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Tuesday, Nov 19, 2019

Rakshabandhan myths, 6 tales about the origin of the festival

Rakshabandhan 2018: Ever wondered about why we celebrate the festival of Rakshabandhan? Here are some of the most popular stories about it.

art-and-culture Updated: Aug 23, 2018 08:58 IST
HT Correspondent
HT Correspondent
Hindustan Times
Rakshabandhan 2018 will be celebrated on August 26 this year.
Rakshabandhan 2018 will be celebrated on August 26 this year. (Shutterstock)

Rakshabandhan 2018 will be celebrated on August 26 this year. The festival celebrates the bond between a brother and sister. Sisters tie rakhis on their brother’s wrist, and in return brothers pledge to protect sisters from adversities. Sisters are also given gifts, while brothers are treated to mithai. Here are some of the popular myths associated with the festival:

* Krishna and Draupadi: One of the most popular rakhi stories is that of Lord Krishna and Draupadi. When Krishna cuts his little finger, Draupadi is believed to have torn off a part of her sari and bandaged his finger. In return, Lord Krishna promised to protect her in times of distress.

* Yama and Yamuna: A popular legend says that when Yamuna tied a rakhi to the lord of death Yama, he granted her immortality. He was moved by the gesture and declared that any brother who was tied a rakhi and offered to protect his sister would become immortal.

* Rani Karnavati and Emperor Humayun: Rani Karnavati was regent of Mewar after the death of her husband Rana Sanga. When Bahadur Shah attacked Mewar, Karnavati wrote to Emperor Humayun for help and sent a rakhi seeking protection. While the emperor didn’t manage to reach on time, he eventually restored the kingdom to Karnavati’s son Vikramjit.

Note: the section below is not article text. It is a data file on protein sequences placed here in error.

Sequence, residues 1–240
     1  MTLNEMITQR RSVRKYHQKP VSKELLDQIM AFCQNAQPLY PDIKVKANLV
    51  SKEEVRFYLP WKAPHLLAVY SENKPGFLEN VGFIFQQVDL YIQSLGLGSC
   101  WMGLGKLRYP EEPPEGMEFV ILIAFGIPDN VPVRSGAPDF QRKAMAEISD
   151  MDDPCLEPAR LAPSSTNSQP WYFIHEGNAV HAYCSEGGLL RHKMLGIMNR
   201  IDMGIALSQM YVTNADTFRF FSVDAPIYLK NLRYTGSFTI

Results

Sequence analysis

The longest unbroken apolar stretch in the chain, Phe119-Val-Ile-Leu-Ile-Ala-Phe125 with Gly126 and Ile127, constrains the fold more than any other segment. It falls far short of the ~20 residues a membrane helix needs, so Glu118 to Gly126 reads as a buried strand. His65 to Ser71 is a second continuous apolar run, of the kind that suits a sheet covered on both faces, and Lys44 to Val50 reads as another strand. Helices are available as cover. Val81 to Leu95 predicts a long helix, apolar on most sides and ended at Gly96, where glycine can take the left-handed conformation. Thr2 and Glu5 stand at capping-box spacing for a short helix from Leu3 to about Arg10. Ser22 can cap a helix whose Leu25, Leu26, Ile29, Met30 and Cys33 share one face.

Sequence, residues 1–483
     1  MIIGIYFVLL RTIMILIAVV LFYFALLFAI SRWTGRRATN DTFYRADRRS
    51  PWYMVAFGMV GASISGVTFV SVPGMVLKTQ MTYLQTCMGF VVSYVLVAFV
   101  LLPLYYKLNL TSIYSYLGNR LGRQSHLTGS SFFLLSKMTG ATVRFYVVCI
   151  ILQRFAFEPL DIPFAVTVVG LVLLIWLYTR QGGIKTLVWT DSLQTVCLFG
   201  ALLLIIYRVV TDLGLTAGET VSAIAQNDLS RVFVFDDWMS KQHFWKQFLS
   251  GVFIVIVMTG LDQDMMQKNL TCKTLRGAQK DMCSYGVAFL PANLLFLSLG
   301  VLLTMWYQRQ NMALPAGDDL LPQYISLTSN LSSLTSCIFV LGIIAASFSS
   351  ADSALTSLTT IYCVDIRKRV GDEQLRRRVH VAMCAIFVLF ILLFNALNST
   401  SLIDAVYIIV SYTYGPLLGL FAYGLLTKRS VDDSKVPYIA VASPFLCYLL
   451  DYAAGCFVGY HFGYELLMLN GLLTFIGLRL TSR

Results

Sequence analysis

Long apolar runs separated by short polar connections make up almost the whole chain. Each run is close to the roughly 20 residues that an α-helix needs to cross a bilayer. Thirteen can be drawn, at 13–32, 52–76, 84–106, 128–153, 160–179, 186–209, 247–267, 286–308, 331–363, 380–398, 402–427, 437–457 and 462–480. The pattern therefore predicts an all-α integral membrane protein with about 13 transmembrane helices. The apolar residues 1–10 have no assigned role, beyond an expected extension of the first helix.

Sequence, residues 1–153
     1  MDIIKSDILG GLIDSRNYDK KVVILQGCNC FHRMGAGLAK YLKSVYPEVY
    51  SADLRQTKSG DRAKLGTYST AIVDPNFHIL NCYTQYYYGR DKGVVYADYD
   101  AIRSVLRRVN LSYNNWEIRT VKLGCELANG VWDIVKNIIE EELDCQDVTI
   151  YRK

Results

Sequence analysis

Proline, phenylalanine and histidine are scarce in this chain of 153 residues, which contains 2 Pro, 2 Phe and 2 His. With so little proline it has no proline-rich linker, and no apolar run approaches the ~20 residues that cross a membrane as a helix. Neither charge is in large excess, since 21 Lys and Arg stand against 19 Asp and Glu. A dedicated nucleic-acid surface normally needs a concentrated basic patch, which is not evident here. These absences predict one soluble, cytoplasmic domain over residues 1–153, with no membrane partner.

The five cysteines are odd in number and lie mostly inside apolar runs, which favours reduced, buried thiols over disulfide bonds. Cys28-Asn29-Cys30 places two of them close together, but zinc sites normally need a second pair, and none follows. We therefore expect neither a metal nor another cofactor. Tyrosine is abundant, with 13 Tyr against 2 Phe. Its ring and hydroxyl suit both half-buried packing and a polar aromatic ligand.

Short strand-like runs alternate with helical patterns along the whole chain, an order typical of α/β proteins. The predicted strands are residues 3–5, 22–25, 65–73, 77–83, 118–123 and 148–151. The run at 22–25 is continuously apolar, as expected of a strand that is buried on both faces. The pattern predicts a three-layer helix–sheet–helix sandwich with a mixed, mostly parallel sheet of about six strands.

* Roxanna and King Porus: A popular story says that when Alexander the Great invaded India, his wife Roxana sent Porus a sacred thread and requested him to not harm her husband on the battlefield. Porus honoured the request and when he confronted Alexander, he refused to kill him. Eventually, Porus lost the battle of the Hydaspes River.

* Santoshi Maa: A popular tale says that when Manasa, Lord Ganesha’s sister visited him to tie him a rakhi. Seeing this, his sons — Shubha and Labha — begin insisting on having a sister. Ganesha then created goddess Santoshi Maa from the divine flames that emerged from his consorts Riddhi and Siddhi.

* Goddess Lakshmi and King Bali: Goddess Lakshmi disguised herself as a shelterless woman and approached king Bali. He opened the door of his palace to her without any hesitation. Pleased, the goddess brought along prosperity and well-being. On a full moon day in Shravana, Lakshmi tied a thread of coloured cotton on Bali’s wrist and wished for protection. Bali asked her what she desires. She pointed to the gatekeeper who was Vishnu in disguise protecting Lord Bali. Vishnu revealed his true identity. Bali then requested Vishnu to return home with his consort. In return, Vishnu promised to return and be with Bali for four months of the year.

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